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I'm trying to migrate a WordPress site from GoDaddy to WPEngine. Sites on WPEngine are hosted at [sitename] Importantly, the IP address for the site maps to a landing page instead of your actual content. In other words, if I run ping [sitename] I get an IP address. When I put that IP Address back into my browser, I see a landing page instead of my wordpress site. But, if I visit [sitename] directly, my wordpress site exists.

My problem is, I have an existing domain in GoDaddy. I need this domain to go to my [sitename] site (while keeping my domain in the address bar). The best I could figure out is to create a forwarding record in GoDaddy. However, the performance of my site is of the most importance. I know there are A-records and CNAME records, but I don't fully understand those. Forwarding sounds like a wrapper which would slow things down. From my understanding, an A-record requires an IP Address (which I don't seem to have based on the frst paragraph). And for a CNAME record I'm not sure what to change. I'm concerned I'll break our email capabilities or something.

Is forwarding the correct course of action? Or is there something I can do with the A-and-CNAME records to squeeze out just a little more performance?

Thank you

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closed as off-topic by MichelZ, Rex, Wesley, Ward, mdpc Apr 17 '14 at 22:27

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You're prematurely optimizing.

Do you really think DNS lookups are the slowest part of your entire website? I just did some tests against my own Wordpress site. The DNS lookup took 0.008s, while retrieving the actual body of the page took 0.072s. Pulling down the page is nine times slower, and my web server is cached by Varnish and using a static site plugin. This doesn't include downloading images, running scripts or any of the other things your browser would do.

Yes, performance optimization for DNS is possible. I can't imagine a Wordpress site would ever benefit from it.

Look up name-based virtual hosting. As you saw, you must send for WPEngine's servers to know which host you're requesting. Adding a CNAME from to won't work in that case. You'll have to work with your host (and probably pay them more money) to get the behavior you want.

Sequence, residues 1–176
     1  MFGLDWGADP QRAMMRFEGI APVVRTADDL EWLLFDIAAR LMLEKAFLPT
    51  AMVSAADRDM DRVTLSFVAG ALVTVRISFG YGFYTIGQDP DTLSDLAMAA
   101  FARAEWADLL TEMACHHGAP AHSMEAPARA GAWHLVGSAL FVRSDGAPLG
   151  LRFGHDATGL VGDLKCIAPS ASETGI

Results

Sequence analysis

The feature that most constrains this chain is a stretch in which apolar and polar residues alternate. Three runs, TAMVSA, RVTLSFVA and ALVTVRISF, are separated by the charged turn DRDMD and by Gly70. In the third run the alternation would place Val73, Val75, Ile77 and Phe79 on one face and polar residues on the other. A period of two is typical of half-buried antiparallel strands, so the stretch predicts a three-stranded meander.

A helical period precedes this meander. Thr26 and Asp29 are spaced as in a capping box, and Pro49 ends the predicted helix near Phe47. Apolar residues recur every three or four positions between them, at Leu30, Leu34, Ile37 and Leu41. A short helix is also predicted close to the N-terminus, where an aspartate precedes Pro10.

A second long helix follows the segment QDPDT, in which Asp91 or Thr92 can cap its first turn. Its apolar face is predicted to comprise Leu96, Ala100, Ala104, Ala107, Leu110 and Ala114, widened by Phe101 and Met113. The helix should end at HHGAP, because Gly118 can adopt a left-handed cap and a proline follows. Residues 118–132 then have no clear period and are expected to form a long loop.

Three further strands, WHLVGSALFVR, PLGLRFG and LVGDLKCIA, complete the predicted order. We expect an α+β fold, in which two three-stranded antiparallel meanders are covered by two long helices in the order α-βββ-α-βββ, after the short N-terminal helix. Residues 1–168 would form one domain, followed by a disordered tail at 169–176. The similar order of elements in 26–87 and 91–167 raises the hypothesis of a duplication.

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I have a boss that is very detail-oriented. He's reading stuff that says GoDaddy's DNS stuff can take up to 300ms (I don't have a source). For that reason, I'm trying to do the best I can on the DNS side to ensure that's not the problem. I do agree theres plenty of optimization on the WordPress side. I just want to address the DNS issue now if I can. – user3284007 Apr 17 '14 at 11:38
If GoDaddy's DNS slowness is an issue, don't use GoDaddy for DNS. – Joel E Salas Apr 17 '14 at 11:54
He's reading stuff that says GoDaddy's DNS stuff can take up to 300ms - Well hearsay and conjecture don't make for fact. I hate it when people take action on something based on something they read or heard without having cold hard facts to support their position. – joeqwerty Apr 17 '14 at 12:32
I know this is old but... " Adding a CNAME from to won't work in that case." This is wrong. One can either set an A record to the server IP or set a CNAME to [sitename] Bother solution will work and both are mentioned in their support pages – LyK Apr 8 '15 at 9:35
@LyK Do you expect me to keep every answer up to date with every vendor's offering ever? – Joel E Salas Apr 8 '15 at 16:07

According to WPEngine, you just need a CNAME record pointing at your wpengine address. See this for instructions (directly from WPEngine, actually).

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